Suite Petite is composed of Petite Sirah (87 percent) and Syrah (13 percent). I’ll tell you a secret about my wine tastes: I love Petite Sirah. The truth is, when I’m out tasting, I will never turn down a Petite Sirah, no matter what. So with that in mind, I’m always interested in drinking them and seeing what they’re like. This example from Chronic Cellars does a really nice job for $15. The dark nose is full of violet and plum aromas, along with bits of leather and sage. Black cherry, blackberry and an avalanche of dark fruits mark the juicy palate. Plum pudding spices, black pepper and a touch of chocolate sauce are evident on the finish. Nice tannins and sufficient acid provide solid structure. If you like your wine dark and somewhat brooding, here you go.

Chronic Cellars 2014 Purple Paradise ($15)

This offering is a blend of Zinfandel (70 percent), Syrah (14 percent), Petite Sirah (11 percent) and Grenache (5 percent). This Zinfandel-dominated wine has a healthy dollop of Petite Sirah blended in, which I’m quite fond of. Not just because I love Petite Sirah, though – Zinfandel and Petite Sirah are great partners. If they were in a band together, Zin would provide the screaming lead guitar and Petite Sirah would hold down the bottom end with some deep bass notes. Red raspberry aromas lead the nose. Blueberry, plum and more raspberry are evident on the somewhat jam-laden palate. Toast, white pepper and strawberry notes are all evident on the clean finish. Whether your Tuesday night dinner consists of pizza, burgers or a tamale pie casserole, this wine is going to carry the day for a song.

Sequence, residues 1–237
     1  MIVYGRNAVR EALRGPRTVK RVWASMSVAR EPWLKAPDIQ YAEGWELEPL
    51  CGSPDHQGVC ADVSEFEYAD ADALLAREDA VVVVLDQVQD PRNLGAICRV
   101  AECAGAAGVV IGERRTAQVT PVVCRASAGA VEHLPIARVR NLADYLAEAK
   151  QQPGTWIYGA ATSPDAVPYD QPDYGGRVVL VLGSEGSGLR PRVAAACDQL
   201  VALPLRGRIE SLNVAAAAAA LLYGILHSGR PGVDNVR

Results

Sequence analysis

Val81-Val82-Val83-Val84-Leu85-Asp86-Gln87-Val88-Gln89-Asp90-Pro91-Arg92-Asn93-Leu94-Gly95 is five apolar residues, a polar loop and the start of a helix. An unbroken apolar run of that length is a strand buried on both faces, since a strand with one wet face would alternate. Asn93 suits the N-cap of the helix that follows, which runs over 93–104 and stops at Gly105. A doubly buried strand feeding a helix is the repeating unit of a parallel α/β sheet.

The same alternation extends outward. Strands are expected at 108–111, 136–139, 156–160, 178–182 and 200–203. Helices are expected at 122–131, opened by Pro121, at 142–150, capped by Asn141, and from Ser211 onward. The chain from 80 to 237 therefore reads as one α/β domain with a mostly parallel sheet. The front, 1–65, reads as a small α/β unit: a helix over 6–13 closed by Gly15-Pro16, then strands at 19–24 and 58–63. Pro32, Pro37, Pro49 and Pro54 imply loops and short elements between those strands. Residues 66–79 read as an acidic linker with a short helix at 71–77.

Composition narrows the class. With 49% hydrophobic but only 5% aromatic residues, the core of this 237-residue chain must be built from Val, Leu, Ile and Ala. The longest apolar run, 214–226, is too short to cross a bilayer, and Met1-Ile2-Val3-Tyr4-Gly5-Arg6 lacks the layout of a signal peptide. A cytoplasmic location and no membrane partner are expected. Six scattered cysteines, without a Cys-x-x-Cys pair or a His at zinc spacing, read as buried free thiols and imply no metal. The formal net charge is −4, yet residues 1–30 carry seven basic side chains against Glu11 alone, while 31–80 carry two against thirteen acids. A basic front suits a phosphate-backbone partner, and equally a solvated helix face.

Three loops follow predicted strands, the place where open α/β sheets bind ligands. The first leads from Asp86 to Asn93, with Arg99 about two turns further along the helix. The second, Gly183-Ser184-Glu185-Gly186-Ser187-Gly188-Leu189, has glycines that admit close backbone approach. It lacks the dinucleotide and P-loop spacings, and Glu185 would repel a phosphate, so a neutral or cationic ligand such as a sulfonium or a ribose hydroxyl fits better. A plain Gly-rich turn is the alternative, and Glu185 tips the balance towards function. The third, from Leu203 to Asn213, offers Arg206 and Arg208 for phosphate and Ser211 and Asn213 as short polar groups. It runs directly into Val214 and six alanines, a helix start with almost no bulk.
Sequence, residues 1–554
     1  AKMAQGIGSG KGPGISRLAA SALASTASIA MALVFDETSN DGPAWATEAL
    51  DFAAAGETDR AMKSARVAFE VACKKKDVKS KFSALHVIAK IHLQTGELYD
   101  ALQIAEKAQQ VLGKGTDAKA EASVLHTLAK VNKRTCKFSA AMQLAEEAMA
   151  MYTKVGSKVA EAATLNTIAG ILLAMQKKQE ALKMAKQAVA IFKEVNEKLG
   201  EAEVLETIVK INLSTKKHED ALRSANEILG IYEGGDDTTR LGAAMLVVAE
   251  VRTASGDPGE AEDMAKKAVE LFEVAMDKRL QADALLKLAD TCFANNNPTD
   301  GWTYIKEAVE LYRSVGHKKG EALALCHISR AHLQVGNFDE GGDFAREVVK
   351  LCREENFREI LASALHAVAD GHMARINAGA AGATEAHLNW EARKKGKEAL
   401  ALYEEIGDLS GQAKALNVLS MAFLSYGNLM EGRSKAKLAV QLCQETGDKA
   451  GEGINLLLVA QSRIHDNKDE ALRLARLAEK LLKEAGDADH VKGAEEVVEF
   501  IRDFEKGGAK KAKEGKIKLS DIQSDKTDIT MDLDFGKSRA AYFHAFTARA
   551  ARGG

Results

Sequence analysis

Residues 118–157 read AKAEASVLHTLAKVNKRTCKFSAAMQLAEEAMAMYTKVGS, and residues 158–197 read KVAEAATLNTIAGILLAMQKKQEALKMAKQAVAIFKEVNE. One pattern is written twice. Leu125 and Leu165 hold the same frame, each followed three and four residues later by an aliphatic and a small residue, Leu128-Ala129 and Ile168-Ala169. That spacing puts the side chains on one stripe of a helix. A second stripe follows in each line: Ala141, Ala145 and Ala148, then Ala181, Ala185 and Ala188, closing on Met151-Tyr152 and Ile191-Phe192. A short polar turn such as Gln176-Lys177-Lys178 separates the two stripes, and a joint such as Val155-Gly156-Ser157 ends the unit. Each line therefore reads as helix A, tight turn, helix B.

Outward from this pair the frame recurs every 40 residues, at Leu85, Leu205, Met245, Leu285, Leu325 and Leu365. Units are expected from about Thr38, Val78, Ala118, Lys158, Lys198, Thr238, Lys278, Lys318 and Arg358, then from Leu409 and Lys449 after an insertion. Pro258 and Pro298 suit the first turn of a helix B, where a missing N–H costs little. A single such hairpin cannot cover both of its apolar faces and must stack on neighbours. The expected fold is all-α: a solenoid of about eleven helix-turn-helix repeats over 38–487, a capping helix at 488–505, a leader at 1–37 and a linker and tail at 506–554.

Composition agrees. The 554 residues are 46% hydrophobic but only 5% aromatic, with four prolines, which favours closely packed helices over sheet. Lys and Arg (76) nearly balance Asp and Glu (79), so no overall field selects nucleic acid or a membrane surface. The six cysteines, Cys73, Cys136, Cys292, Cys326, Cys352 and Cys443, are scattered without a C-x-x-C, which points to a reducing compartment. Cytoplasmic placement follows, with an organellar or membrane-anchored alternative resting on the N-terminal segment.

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Drink of the Week: The Waldorf Gloom Lifter

The Waldorf Gloom Lifter.Last week found me possibly a dollar short and definitely a day late for St. Patrick’s Day, but at least the drink was good. The Gloom Lifter was essentially a whiskey sour with egg white, made with Irish whiskey rather than the more cocktail-typical North American varieties. Now, we have the Gloom Lifter’s more upscale cousin, the Waldorf Gloom Lifter, which is essentially a Clover Club with Irish whiskey and a bit of brandy standing in for gin.

If you want to find the original source of today’s drink, you’ll have to pick up a copy of “The Old Waldorf Astoria Bar Book,” a book dating back to the pre-Prohibition era which I don’t currently own. The recipe, however, is floating around the Internet in a number of iterations, now including this one.

If you found the Gloom Lifter a bit on the dry/overly simple side, this is a drink for you. It’s also a drink I’m willing to bet you might have a hard time getting at today’s historic and pricey Waldorf Astoria in Manhattan, as it’s not on any of their online menus. If you did, it would likely cost you about $20.00, plus tip. Lucky us, you can make this one at home for probably less than a buck and enjoy a bit of bygone elegance on the cheap.

The Waldorf Gloom Lifter

1 1/2 ounces Irish whiskey
1/2 ounce brandy
1/2 ounce fresh lemon juice
1/2 egg white (1 ounce of packaged egg white)
1/2 ounce grenadine or raspberry syrup

This one has egg white again, so the drill is pretty much the same as always. Combine the liquid ingredients in a cocktail shaker without ice for the so-called dry shake. Watch out for the interesting chemical reaction which can cause the top of your shaker to pop off. In any case, if you’re going the safe route and using a pasteurized, packaged egg white — and I’ll note that I haven’t noticed any decline in the quality of the final product whatsoever while doing this — you won’t have to shake it for more than a few seconds for the egg white to be fully emulsified.

Next, add plenty of ice and shake again, vigorously as always, and strain it into one of your larger cocktail glasses. This is a big drink that needs a big glass.